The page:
When James Burnham wrote The Managerial Revolution it seemed probable to many Americans that the Germans would win the European end of the war, and it was therefore natural to assume that Germany and not Russia would dominate the Eurasian land mass, while Japan would remain master of East Asia. This was a miscalculation, but it does not affect the main argument. For Burnham’s geographical picture of the new world has turned out to be correct. More and more obviously the surface of the earth is being parcelled off into three great empires, each self-contained and cut off from contact with the outer world, and each ruled, under one disguise or another, by a self-elected oligarchy. The haggling as to where the frontiers are to be drawn is still going on, and will continue for some years, and the third of the three super-states — East Asia, dominated by China — is still potential rather than actual. But the general drift is unmistakable, and every scientific discovery of recent years has accelerated it.
… We may be heading not for general breakdown but for an epoch as horribly stable as the slave empires of antiquity. James Burnham’s theory has been much discussed, but few people have yet considered its ideological implications — that is, the kind of world-view, the kind of beliefs, and the social structure that would probably prevail in a state which was at once unconquerable and in a permanent state of ‘cold war’ with its neighbours.
We can see here (and far more so in Orwell’s longer and better-known essay on Burnham, published under various titles, but most widely known as Second Thoughts on James Burnham) the outline of the world as described in Nineteen Eighty-Four, and particularly in the book-within-a-book The Theory and Practice of Oligarchical Collectivism which describes how the system is maintained for the benefit of the party elites. (It’s a particularly neat little joke of Orwell’s that the Trotsky figure in his book, Emmanuel Goldstein, is depicted as taking Burnham’s line, given that Burnham split from Trotsky in much the same way that Trotsky split from the Russian Communist Party – especially since it’s later revealed that “Goldstein’s” book was actually written by the party leaders themselves as a way of channelling revolutionaries into useless activities).
Orwell believed that in the short term, Burnham’s analysis was more correct than not. Where he differed from Burnham was that Burnham believed that the coming world he described would be a good thing, and that open acknowledgement (at least among their own class) by the managerial figures he saw as becoming rulers that they were acting only for their own power would lead to the managerial society being a good one for everyone. Orwell, of course, disagreed. And the whole of Nineteen Eighty-Four is an attempt to satirise Burnham’s view of the future, to show that what Burnham was seeing as a positive future would, to any decent person, seem hellish.
Of course, Orwell died shortly after the publication of his great novel, and it was swiftly co-opted into a propaganda tool in the Cold War it was warning against. Burnham’s ideas, in one form or another, became the framework in which all US and UK politicians continued to operate (though usually while getting rid of the bit about central economic control, at least from the 1970s on). The military-industrial complex which Eisenhower warned against is a typical example of Burnhamism in action – industry and government colluding with each other to further their own power, absent any real democratic control or scrutiny.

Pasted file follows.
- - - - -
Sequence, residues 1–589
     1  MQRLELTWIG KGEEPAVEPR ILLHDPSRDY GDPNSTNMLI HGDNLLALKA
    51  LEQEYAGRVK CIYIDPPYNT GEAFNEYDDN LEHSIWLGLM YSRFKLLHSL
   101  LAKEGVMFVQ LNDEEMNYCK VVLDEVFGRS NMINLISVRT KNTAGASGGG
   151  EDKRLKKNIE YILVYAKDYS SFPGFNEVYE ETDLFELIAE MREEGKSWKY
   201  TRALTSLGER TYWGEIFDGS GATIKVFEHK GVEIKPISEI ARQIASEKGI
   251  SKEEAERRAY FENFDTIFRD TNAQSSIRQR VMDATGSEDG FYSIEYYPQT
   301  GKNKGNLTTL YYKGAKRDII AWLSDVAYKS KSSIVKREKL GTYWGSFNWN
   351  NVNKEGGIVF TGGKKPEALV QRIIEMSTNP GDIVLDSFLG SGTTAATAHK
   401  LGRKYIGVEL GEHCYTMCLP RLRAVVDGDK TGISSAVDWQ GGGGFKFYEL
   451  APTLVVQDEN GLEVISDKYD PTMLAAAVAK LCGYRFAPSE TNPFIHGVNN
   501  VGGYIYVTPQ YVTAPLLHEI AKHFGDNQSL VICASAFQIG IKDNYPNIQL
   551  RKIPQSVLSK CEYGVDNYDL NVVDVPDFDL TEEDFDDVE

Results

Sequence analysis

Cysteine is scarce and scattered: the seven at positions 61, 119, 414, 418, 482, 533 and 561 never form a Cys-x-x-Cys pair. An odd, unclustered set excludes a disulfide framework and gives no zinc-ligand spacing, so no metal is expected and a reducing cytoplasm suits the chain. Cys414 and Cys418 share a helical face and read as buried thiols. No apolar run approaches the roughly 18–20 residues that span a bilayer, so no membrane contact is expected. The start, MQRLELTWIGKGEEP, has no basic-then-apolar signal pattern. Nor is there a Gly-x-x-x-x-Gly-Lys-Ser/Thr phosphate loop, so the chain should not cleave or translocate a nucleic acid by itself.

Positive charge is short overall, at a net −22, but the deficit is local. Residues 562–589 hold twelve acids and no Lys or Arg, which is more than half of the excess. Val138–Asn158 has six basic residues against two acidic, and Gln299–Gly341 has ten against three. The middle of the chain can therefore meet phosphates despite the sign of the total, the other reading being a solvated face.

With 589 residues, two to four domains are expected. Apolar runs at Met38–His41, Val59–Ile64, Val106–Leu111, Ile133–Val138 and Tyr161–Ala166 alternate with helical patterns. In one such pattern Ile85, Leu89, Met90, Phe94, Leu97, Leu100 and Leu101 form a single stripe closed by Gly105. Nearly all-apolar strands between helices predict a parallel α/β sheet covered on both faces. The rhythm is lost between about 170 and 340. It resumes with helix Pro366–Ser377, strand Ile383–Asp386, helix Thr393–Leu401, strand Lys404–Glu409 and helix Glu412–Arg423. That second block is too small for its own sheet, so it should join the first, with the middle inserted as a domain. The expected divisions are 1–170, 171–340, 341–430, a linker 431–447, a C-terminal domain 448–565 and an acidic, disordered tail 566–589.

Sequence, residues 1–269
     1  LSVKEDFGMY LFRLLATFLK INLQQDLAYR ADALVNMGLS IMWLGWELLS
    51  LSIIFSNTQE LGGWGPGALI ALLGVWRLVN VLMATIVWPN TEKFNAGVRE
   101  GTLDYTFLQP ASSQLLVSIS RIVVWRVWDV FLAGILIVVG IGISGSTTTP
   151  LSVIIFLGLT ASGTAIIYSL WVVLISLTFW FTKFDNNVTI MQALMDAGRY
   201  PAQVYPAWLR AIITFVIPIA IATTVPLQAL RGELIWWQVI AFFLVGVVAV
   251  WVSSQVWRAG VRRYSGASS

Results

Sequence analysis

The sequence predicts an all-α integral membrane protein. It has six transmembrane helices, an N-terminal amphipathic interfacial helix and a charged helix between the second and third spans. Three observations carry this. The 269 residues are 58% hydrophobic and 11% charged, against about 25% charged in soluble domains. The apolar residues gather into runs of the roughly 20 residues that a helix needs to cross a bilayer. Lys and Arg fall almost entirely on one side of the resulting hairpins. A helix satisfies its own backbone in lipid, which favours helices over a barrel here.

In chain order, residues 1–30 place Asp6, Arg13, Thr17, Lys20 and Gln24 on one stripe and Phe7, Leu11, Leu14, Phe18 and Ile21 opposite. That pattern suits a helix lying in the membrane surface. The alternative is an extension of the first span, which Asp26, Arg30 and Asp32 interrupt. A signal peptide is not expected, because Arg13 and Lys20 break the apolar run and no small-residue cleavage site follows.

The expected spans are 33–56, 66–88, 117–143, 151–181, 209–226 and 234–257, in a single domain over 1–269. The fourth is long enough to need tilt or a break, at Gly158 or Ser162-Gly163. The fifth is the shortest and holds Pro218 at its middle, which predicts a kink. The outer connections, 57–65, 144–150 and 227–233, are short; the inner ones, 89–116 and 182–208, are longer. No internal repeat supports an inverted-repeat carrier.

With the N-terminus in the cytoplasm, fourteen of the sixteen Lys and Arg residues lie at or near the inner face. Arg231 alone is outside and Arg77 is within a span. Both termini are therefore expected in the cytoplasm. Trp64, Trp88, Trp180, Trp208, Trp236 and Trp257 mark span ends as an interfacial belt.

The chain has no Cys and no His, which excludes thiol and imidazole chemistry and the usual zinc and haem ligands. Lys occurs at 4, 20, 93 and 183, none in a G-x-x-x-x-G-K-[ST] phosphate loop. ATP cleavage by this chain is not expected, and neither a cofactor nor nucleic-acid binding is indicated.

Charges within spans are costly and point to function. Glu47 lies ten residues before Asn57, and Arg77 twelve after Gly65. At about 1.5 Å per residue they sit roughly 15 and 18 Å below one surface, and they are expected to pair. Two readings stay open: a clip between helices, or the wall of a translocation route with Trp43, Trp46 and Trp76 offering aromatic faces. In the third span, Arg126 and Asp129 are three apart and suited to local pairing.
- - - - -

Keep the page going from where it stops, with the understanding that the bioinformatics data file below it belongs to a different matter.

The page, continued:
But while Orwell described the horror of the Burnhamite future, he was also a better political theorist than Burnham, as we can see from Second Thoughts on James Burnham:
Fortunately the ‘managers’ are not so invincible as Burnham believes. It is curious how persistently, in The Managerial Revolution, he ignores the advantages, military as well as social, enjoyed by a democratic country… Even the cruelty and dishonesty of the Nazi régime are cited in its favour, since ‘the young, new, rising social order is, as against the old, more likely to resort on a large scale to lies, terror, persecution’. Yet, within only five years this young, new, rising social order had smashed itself to pieces and become, in Burnham’s usage of the word, decadent. And this had happened quite largely because of the ‘managerial’ (i. e. undemocratic) structure which Burnham admires.
While I don’t agree with the common argument that the appendix to Nineteen Eighty-Four is meant to be an historical document from a post-Ingsoc future (which I think rests on a fundamental misreading of the text), reading Orwell’s essays shows that he did believe that the boot would not be stamping on the human face forever, even though that’s the implication of everything in the novel.
Anyone reading Nineteen Eighty-Four, then, should be reading it in context. Without reading The Lion and the Unicorn, Politics and the English Language, Why I Write, You and the Atom Bomb, and Second Thoughts on James Burnham, it’s easy to come to the conclusion that Nineteen Eighty-Four is a novel warning of the dangers of encroaching socialism.
In context, it’s an argument for a liberal, democratic, version of socialism, and against the idea that the world should be run by technically-skilled white-collar workers for their own benefit. It’s a remarkable book, and I wish its admirers understood it better.